20+ ways to improve your hiring strategy tips# 1 & 2
At Stone, we are on a mission to improve the hiring experience.
For our clients, that means lower costs, better quality of hires, less wasted management time, easier lives and great results.
Each week, we will be expanding on this mini series and sharing our top 20 employee-hiring steps that we feel are paramount to the recruitment process. Some are more obvious than others. Some are easy to implement and others more complex, but they are all parts of the same process.
Here are our first points to consider when initiating your hiring process:
# 1: Advertising Copy – 3 tips
A – Sell your employer brand – A recruitment advertisement is also a platform to promote your employer brand; an opportunity to focus on overall corporate culture and reasons to work at your company. The calibre of your employer brand needs to shine here before the role specifics are even discussed. A corporate video, outlining the reasons to work with you, further amplifies brand resonance and builds affinity with your company early in the process. This is a labour-intensive process, but once completed can be utilised for all future advertising.
B – Remit above responsibilities – Once you have the employer brand values established, it is important to define a remit for the role you are hiring. Why are you hiring someone? What is the purpose you are looking to achieve – or put another way, what is the point of them once they join? Examples could be to open new markets, prepare the business for an IPO, improve cash flow, rebuild morale, clean up the tax position, etc. Outlining the purpose of a role is important to create context for the responsibilities, and often overlooked.
C – Keep it real – If you highlight some of the actual challenges in a position, it helps to frame the criteria you are seeking. For example, ‘this is a new team that will require hands-on support to get up to speed’ is a realistic piece of advice and a far cry from the standard fare of ‘dynamic, fast-track employer of choice with a track record of internal promotion…’ jargon that makes up 70% of the ads we read. We all know that jobs have boring and challenging aspects yet outlining them as part of a balanced brief is a refreshing change, demonstrates employer self-awareness and interestingly, creates a comfort level with applicants, as they don’t need to go hunting out the ‘real job’. Another way to think of it is this – if you are worried that someone will be put off by the real role description, are they the right hire?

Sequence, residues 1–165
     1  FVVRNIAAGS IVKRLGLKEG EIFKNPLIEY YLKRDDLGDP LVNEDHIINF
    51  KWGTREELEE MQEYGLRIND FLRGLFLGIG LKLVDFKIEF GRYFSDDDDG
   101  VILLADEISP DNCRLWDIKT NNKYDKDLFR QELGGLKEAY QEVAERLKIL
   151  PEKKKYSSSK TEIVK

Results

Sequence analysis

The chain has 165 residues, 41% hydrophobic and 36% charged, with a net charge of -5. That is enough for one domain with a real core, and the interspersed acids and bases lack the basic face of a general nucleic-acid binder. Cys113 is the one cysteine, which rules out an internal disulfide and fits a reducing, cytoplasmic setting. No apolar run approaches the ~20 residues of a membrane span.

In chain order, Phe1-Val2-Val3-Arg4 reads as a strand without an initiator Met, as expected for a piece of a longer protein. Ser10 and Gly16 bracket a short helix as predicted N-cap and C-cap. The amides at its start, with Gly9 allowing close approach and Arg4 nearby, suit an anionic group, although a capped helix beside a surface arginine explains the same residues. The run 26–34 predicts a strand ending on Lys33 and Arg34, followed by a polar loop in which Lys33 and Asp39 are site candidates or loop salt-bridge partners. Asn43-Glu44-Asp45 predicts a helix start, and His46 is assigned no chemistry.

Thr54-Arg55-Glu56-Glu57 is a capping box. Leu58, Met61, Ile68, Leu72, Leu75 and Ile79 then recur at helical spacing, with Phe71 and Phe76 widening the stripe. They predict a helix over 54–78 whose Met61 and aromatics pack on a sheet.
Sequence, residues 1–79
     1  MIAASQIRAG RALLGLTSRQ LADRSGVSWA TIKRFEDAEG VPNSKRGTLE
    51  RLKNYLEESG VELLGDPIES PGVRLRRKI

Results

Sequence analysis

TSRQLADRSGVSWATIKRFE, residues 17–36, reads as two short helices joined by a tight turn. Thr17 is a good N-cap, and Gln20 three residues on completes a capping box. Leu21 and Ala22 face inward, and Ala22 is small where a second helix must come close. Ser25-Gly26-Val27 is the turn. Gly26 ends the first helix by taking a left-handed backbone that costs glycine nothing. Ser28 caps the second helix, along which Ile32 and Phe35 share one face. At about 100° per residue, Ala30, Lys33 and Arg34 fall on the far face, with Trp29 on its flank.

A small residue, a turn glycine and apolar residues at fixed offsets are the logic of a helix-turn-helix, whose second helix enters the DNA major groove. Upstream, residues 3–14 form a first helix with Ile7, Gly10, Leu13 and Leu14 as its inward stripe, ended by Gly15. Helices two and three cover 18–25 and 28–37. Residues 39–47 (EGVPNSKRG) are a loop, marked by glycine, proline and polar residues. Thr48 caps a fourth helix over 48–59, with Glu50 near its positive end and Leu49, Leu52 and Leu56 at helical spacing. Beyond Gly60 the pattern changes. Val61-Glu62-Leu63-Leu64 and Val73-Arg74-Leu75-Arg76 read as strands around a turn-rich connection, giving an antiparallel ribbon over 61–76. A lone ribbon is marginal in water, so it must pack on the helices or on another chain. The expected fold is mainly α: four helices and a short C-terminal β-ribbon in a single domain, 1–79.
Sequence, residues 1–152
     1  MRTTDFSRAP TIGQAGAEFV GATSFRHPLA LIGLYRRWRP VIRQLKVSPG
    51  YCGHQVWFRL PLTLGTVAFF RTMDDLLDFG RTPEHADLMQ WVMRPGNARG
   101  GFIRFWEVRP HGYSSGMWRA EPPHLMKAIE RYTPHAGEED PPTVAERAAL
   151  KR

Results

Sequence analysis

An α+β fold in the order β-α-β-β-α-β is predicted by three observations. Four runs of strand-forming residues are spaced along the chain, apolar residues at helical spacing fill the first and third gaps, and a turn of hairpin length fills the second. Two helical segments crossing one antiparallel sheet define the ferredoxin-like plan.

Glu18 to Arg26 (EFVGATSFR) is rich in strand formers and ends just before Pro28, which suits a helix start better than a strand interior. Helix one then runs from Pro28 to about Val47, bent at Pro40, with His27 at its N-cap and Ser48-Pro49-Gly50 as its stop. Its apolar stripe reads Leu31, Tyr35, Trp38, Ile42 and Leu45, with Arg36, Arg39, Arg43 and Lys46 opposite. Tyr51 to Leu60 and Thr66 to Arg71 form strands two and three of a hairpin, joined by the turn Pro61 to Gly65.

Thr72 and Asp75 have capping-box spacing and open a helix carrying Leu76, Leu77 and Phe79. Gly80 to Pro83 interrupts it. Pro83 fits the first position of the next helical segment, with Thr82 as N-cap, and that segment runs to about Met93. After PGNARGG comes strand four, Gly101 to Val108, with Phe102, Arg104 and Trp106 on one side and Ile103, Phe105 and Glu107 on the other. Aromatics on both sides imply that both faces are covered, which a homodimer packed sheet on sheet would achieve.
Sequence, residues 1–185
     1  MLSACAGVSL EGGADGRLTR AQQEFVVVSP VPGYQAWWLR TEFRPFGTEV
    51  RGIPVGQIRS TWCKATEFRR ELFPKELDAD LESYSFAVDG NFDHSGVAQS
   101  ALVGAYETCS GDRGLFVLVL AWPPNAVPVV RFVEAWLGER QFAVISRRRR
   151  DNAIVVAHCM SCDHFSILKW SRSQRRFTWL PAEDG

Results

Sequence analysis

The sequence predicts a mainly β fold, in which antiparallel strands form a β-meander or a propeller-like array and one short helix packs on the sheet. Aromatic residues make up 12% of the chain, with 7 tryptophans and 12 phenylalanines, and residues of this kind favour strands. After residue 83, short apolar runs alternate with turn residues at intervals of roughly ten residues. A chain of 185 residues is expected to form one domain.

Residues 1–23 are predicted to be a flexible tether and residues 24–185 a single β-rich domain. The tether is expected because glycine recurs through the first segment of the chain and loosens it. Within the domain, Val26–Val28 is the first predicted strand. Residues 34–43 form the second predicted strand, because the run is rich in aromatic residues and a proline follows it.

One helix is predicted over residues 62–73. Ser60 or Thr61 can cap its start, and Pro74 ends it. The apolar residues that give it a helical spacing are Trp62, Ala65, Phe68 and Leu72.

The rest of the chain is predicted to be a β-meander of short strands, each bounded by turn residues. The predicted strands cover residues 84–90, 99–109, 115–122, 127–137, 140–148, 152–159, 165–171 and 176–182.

# 2: Non-role-functional competencies
You will often see job descriptions that outline the need for X years of experience in a role, followed by technical skills that are non-negotiables. Lastly there will be reference to the ‘soft skills’ required. Standard, commonly targeted ‘soft skills’ are; team player, motivated (by what or why is often missing), ambition, autonomy, leadership etc. These are often valid requirements which shift the role from a technical shopping list to a human being. Generally they relate to the current role being hired and will be driven by the hiring line Manager.
However, once we start to view the hiring process in the context of the two-year growth plan for the business as a whole, the target competencies will start to shift. For example, if the business is growing rapidly, then a level of comfort with change and challenging/being challenged by your peers should be a core requirement for anyone joining. The overarching needs of the corporate growth curve should dictate a part of the culture drivers in the business, which then feed into every hiring brief.
What we often see, however, is that the corporate culture drivers may be watered down by a line Manager who is under pressure to deliver results, is time poor and who is not being guided or supported in the process. Naturally, they will gravitate to their short-term team requirements as opposed to the overall company culture, and who can blame them.
How do we alter this approach? It needs to start from the top. Managers must see that it is ok to take perceived risks in order to break the cycle of short-term hiring mindsets. Leadership teams need to stress a communal approach to the traits required to grow the business and stick to these. Cross pollination through peer reviews and joint interviews will also strengthen these bonds and ensure everyone is across all bases of the business.
As this utopian approach must be balanced with real world commercial demands, some roles will inevitably veer towards the technical skills over core traits, however if this is recognised and managed, you are already on the right track. Secondly, these can be flagged to the applicant during interviews as areas of development of which you are prepared to invest in, to support the applicant’s personal growth, in turn benefiting the company.
Talk to us today to see how we can help you plan your hiring strategy!BACK